MIZMOR – Wit’s End (2022)REVIEW

By way of rhythms as listless as the testimony of existential collapse that precedes them Portland, Oregon-based blackened experimental extreme doom metal artist Mizmor [מזמור] protests the suffocating arise of unthinking masses, an earnest and well-spoken complaint alongside all that’d whip upon his corporeality these last couple of years. The fifteen minute “Wit’s End” is largely a showcase for this poetic release and the major feature of the artist’s latest EP of the same title, to be received as both bigger-picture observation braced by personal statement rather than an voicing of divisive personal intellectual elitism. There is yet some easy fealty earned in these words, an Atheistic point of view addressing disappointment with anti-scientific, reactionary sentiments spreading across the globe on a massive scale, usually lead by spiritual leadership and the usual insidious benefactors. The artist’s long walk from Christianity to Atheism in the span of a decade now meeting face-to-face with a world having lost all sense of reason will be most profound amongst those whom have been there to witness both the thoughtful sojourn of A.L.N. and the decline of mankind in tandem. This is reason enough to connect with ‘Wit’s End‘ even if for only a few listens, as the substance available at face value (ah via the “Where them riffs at?” mindset) within the half hour EP is otherwise fairly lite.

Formed as a solo lo-fi blend of black/death voiced, heavily atmosphere-driven and oft-sludging doom metal circa 2012, what’d built the current reputation for Mizmor came by way of the experimental edge of then Salem-borne musician A.L.N., an artist who’d featured in the late 2000’s/early 2010’s acts Sorceress and Urzeit. In terms of 2012-2019 releases the greater progression of style towards ‘Cairn‘ (2019) is covered well enough in my review of said album, which’d rated highly and stuck with me well enough throughout that year. The style of the project could be loosely compared to goals shared by Yith, Usnea, and to some very loose degree Bell Witch‘s earlier sludge-death/doom side. Provenance is useful for the sake of some context but not entirely relevant to the focused presentation of ‘Wit’s End‘, a release which is split between Side A‘s conceptual piece and an equal length backwards-whirring reel’d mood piece over on Side B. I suggest this because this EP feels like it’ll appeal most to folks already familiar with the artist’s heavier work who’d likewise enjoyed the unexpectedly divergent drone-ambient collaboration with Andrew Black (‘Dialetheia‘, 2020) as ‘Wit’s End‘ uses a blended palette of past events for some enriched dejection and intimacy herein.

Although I am not as impressed by “Wit’s End” as much as the material on ‘Cairn‘, the composition is fairly direct in progression, the production values are expectedly rich (via home studio recording) yet appropriately dire-toned and spacious. What’d helped the experience stick in mind comes by way of the full audio-visual experience which includes an LP/DVD, CD/DVD or Cassette/Digital option which features an animated music video (via Zev Deans, see: teaser video) for the song; This video was originally commissioned as part of Roadburn Redux in early 2021 and isn’t available otherwise. The animation does somewhat more direct work in directing the concept of the piece, that the human condition is encoded for catastrophic failure despite apparent evolutionary ‘progress’ beyond spontaneous generation of life and this is arguably evident by way of readily observable devolution within human cognition and societal efficacy at points of extreme overpopulation; As competition arises amongst crowded, ineffective participants this makes for even more effective stirs of mass hysteria and increased biologic sensitivity. As environmental dissolution becomes exponential to the point of equally drastic visibility, the species cannot possibly react within the geologic timescale needed to survive. It isn’t the most direct correlation to present through frustrated testimonial but it makes sense with a bit of explanation and the piece’s mood is fitting accompaniment for the presented sentiment.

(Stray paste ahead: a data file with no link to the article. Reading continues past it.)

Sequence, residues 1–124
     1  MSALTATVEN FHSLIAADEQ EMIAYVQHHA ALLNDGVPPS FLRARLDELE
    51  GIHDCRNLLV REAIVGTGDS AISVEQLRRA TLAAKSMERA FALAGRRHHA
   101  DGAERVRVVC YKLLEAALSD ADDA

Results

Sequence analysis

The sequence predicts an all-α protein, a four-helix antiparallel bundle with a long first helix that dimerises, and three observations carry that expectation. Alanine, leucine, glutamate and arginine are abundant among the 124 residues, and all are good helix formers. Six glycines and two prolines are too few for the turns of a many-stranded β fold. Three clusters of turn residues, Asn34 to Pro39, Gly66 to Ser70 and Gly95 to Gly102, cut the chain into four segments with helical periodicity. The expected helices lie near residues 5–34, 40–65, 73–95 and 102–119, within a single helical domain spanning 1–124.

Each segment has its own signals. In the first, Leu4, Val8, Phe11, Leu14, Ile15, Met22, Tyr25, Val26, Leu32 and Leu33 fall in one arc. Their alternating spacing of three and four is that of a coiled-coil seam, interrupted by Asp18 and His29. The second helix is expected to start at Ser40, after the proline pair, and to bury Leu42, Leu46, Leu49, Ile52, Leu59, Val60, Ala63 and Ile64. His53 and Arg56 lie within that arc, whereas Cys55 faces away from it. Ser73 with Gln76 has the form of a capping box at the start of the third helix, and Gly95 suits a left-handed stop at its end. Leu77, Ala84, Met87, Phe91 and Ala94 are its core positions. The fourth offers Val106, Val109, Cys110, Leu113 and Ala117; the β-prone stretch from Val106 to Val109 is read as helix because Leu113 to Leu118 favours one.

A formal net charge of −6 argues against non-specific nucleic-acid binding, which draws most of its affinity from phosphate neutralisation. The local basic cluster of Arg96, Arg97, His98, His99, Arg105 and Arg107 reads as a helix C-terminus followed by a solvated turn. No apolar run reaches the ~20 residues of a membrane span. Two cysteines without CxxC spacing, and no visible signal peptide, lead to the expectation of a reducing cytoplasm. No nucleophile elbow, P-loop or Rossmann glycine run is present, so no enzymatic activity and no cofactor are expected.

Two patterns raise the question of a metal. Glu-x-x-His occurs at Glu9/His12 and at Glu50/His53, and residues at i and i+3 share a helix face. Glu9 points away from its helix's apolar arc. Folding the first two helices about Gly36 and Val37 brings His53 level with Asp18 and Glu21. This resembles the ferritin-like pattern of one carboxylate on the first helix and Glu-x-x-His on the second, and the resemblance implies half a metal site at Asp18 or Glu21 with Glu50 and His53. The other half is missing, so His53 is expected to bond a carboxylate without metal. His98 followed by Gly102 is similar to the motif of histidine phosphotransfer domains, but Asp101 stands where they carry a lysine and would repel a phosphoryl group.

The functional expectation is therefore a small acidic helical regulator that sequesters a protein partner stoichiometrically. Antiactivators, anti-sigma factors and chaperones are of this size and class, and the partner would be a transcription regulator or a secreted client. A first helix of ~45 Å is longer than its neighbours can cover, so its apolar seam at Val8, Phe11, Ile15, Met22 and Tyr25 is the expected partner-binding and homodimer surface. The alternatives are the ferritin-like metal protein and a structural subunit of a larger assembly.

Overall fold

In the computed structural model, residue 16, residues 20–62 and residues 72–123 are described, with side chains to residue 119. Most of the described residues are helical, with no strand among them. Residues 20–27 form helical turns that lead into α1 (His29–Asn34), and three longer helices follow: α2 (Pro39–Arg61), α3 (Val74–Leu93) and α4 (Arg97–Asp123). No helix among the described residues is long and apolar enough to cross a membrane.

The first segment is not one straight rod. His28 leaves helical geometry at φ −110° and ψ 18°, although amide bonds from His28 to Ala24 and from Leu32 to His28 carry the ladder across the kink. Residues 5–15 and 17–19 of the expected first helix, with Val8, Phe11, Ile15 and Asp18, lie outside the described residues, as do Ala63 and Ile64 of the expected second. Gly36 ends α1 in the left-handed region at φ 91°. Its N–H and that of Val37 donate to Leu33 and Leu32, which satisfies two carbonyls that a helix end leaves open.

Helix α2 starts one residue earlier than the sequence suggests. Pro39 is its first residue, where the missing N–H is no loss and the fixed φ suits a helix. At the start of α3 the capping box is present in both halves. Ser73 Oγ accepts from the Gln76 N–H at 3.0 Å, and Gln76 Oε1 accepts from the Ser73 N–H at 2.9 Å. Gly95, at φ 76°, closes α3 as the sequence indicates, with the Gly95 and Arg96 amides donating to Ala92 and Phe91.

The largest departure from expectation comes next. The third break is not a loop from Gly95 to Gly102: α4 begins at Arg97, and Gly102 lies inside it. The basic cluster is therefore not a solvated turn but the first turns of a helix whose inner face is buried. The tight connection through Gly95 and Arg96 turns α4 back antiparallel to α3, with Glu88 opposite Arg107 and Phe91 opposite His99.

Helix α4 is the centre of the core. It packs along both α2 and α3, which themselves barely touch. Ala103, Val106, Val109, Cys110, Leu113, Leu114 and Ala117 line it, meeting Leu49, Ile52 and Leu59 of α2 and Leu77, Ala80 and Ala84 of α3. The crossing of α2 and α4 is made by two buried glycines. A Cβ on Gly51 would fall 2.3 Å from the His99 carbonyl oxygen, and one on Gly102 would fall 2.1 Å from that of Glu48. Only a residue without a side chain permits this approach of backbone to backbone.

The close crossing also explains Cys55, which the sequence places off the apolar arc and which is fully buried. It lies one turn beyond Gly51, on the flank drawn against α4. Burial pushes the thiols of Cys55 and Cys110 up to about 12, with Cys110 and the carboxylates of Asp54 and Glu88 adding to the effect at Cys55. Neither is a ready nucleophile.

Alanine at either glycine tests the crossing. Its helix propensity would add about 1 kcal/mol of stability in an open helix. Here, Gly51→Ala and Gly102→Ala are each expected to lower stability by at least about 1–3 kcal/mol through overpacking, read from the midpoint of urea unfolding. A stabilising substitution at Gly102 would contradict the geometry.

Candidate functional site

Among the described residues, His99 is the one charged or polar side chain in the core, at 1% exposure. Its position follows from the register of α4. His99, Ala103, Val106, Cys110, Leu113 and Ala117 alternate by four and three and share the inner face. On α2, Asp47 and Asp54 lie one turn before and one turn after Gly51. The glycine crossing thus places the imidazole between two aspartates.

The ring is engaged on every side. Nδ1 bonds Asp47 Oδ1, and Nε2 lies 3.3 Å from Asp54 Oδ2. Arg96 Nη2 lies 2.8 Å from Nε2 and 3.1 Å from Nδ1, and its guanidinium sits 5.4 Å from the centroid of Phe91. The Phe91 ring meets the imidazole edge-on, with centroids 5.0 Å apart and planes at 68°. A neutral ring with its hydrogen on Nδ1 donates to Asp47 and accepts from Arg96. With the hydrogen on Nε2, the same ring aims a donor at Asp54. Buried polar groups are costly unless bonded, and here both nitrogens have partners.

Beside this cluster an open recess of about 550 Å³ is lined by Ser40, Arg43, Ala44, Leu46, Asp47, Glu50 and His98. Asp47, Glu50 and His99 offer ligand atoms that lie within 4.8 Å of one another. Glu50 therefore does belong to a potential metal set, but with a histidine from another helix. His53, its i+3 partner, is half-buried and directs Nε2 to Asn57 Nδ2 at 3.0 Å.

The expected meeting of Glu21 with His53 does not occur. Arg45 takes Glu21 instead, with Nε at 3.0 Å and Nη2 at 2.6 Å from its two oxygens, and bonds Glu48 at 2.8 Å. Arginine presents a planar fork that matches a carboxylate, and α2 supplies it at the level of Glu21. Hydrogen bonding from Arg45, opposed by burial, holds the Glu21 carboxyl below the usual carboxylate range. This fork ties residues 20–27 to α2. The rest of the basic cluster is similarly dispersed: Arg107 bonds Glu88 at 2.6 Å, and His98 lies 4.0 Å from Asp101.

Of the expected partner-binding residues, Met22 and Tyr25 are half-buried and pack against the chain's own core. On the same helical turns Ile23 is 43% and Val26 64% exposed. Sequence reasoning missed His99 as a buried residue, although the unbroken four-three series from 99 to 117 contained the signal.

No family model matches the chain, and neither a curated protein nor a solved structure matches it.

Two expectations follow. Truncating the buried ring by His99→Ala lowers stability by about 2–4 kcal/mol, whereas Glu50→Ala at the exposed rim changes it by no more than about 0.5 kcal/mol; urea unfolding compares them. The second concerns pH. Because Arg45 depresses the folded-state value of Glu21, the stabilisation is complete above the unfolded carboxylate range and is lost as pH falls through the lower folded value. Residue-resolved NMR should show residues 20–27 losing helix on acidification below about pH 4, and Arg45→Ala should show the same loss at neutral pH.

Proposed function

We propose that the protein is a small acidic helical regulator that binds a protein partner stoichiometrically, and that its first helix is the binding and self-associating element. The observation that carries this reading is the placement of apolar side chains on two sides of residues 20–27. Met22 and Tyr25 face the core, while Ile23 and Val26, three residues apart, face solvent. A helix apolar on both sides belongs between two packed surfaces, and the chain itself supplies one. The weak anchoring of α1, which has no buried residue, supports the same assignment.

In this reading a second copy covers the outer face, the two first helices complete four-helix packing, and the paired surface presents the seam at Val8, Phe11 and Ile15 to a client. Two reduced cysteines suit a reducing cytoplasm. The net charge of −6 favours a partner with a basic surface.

Side B consists of “Pareidolia”, a ~14 minute piece of reverse vacuumed experimentation that sounds somewhat like a neofolk piece modulated to some extreme degree. Any observation on the piece might be ironic due to its title, suggesting human tendency to seek and perhaps see, with some delusion, familiar patterns within unrelated instances. The song itself is ethereal, robust in its cathedralesque resonance and fascinating as it unravels into strongest presence within the last third. Thought I prefer the more direct, heavier experience Mizmor typically bring the mood and timbre of this second half of ‘Wit’s End‘ makes good sense in revolving appearance with the title track. The full listen isn’t necessarily the ideal Rosetta stone for this artists work but it is an admirable side-step into conceptual expression, a strong connection made between cerebral messaging and emotional outlet. As a fan of all manner of extreme doom metal it isn’t thrilling in terms of performance but the idea and mood generated is yet inspired. A moderately high recommendation.

Moderately high recommendation. (75/100)

Rating: 7.5 out of 10.
TITLE:Wit’s End [EP]
LABEL(S):Gilead Media
RELEASE DATE:January 14th, 2022


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